• Fast Loading: Unlike a web page in a browser that relies on getting data from a web server and thus is slow loading either due to your own device’s lacking capacity or the Internet speed, PWAs load almost instantly because they encapsulate both the page and the data right in your phone and keep the page data updated with background processing. So, loading a web page via PWAs is a jiffy.
  • Smooth running and integrated: Unlike the clunky and often slow websites and even sometimes the native apps, with their endless splash screens, PWAs are seamless, with quick navigation, silky smooth animation, and fast scrolling. In addition, PWAs are quick to adapt content to your device’s size and make all operational components fit and act according to your device naturally.
  • Highly reliable: With the majority of modern users living on their phones, and other devices, PWAs are highly responsive and reliable. With background processing and caching, PWAs will not only work without the endless loading and lagging of bulky apps, or the tethers and chains of network availability.
  • Secure: The PWA standards require them to run HTTPS, which in turn ensures the security of the connection between a PWA and its users. Making sure that the exchanged information is secure and not tampered with.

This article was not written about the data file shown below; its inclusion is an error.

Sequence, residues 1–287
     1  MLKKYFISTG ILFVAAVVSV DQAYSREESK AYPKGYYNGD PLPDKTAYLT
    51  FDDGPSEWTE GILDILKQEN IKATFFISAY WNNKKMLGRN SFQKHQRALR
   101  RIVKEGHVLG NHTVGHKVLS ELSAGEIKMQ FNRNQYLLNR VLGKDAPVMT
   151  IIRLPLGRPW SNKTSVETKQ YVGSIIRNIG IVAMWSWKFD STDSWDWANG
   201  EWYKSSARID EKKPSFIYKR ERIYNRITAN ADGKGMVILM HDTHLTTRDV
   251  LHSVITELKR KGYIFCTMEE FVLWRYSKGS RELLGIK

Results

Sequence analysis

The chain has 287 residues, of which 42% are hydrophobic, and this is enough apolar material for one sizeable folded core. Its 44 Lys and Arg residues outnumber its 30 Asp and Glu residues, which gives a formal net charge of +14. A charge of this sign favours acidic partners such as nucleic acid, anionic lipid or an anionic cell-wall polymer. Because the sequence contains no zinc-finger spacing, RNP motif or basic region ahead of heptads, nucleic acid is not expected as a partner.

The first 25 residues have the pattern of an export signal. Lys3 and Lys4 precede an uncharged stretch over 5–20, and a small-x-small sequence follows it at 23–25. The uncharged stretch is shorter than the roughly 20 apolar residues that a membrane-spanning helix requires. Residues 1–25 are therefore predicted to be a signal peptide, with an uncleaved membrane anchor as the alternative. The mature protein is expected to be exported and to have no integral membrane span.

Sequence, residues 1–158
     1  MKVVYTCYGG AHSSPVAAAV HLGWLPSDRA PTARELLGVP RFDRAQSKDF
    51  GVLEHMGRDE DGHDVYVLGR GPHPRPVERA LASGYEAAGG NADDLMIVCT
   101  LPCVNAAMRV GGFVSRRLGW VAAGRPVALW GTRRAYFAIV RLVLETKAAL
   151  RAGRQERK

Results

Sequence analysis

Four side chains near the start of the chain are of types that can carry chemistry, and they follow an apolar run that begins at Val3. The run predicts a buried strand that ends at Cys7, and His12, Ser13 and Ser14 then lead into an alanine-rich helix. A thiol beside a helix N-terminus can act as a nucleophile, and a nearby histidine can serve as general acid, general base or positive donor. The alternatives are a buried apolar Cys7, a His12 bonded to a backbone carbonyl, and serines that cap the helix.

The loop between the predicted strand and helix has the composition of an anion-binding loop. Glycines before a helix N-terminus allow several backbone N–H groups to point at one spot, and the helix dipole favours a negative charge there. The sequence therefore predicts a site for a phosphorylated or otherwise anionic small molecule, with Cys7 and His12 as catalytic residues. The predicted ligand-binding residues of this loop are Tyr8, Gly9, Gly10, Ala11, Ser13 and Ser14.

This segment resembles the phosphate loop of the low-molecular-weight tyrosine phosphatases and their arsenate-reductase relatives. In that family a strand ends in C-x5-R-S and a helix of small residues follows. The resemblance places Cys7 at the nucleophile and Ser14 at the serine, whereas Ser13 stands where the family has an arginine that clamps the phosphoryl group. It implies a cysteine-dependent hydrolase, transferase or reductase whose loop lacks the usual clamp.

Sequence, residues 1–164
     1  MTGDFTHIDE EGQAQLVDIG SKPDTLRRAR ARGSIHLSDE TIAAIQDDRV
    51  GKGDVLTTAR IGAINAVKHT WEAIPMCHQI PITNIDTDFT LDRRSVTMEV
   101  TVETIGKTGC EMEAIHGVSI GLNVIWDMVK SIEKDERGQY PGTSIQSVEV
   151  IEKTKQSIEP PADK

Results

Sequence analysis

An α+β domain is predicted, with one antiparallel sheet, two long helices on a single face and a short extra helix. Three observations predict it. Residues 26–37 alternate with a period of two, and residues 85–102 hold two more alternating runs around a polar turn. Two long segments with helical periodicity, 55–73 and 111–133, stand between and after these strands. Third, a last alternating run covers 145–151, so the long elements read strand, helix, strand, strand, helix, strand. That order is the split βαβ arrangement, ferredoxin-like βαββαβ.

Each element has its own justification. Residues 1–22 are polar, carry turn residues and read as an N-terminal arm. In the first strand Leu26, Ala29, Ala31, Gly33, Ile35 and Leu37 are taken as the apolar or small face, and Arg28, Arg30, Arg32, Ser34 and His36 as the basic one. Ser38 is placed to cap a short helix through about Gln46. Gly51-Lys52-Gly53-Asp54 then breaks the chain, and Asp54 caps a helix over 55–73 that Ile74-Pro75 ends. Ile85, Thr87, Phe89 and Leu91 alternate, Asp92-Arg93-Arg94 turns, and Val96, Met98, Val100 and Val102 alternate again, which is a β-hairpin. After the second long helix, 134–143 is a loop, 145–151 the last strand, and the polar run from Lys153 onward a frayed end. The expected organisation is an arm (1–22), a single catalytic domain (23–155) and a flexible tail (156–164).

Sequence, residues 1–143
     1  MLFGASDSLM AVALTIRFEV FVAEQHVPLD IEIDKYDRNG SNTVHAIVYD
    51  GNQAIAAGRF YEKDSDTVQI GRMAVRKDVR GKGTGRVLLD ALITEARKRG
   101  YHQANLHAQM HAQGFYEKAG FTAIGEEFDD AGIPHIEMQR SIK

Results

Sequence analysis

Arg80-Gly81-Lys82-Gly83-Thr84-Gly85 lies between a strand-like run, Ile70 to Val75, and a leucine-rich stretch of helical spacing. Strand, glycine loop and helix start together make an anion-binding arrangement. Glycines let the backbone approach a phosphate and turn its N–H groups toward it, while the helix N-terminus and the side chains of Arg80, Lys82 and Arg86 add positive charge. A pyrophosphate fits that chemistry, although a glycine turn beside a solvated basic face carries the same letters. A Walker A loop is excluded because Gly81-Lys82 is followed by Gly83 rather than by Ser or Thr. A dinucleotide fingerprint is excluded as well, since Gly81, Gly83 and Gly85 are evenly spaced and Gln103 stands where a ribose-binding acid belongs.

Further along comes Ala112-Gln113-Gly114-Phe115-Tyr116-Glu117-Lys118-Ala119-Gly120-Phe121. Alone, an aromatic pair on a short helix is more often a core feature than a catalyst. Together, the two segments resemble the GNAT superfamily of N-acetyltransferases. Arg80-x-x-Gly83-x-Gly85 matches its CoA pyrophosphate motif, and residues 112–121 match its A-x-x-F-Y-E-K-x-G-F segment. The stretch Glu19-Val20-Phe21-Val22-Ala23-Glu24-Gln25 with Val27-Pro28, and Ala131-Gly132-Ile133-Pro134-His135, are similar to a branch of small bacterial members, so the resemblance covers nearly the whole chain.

• Engaging: PWAs feature background synching with on-network data to ensure an engaging, relevant, timely and contextually sound experience with notifications that are up-to-date even when the browser is not working.

What constitutes a genuine PWA?

In his now infamous blog post back in 2015, Alex Russell set out with only three requirements to qualify any web app as a PWA, namely:

– You need to be running under HTTPS.
– You need a Web App Manifest, a JSON file that describes the baseline attributes of the PWA.
– You need a Service Worker: Something that updates the encapsulated data in the background.

PWA Service Worker

Running Apps over HTTPS:

In order to make personal information transactions implicitly, like removing the whole payment process of endless entering of your payment form in various websites or other exchange of information, it is critical to have all PWA interactions occur over HTTPS.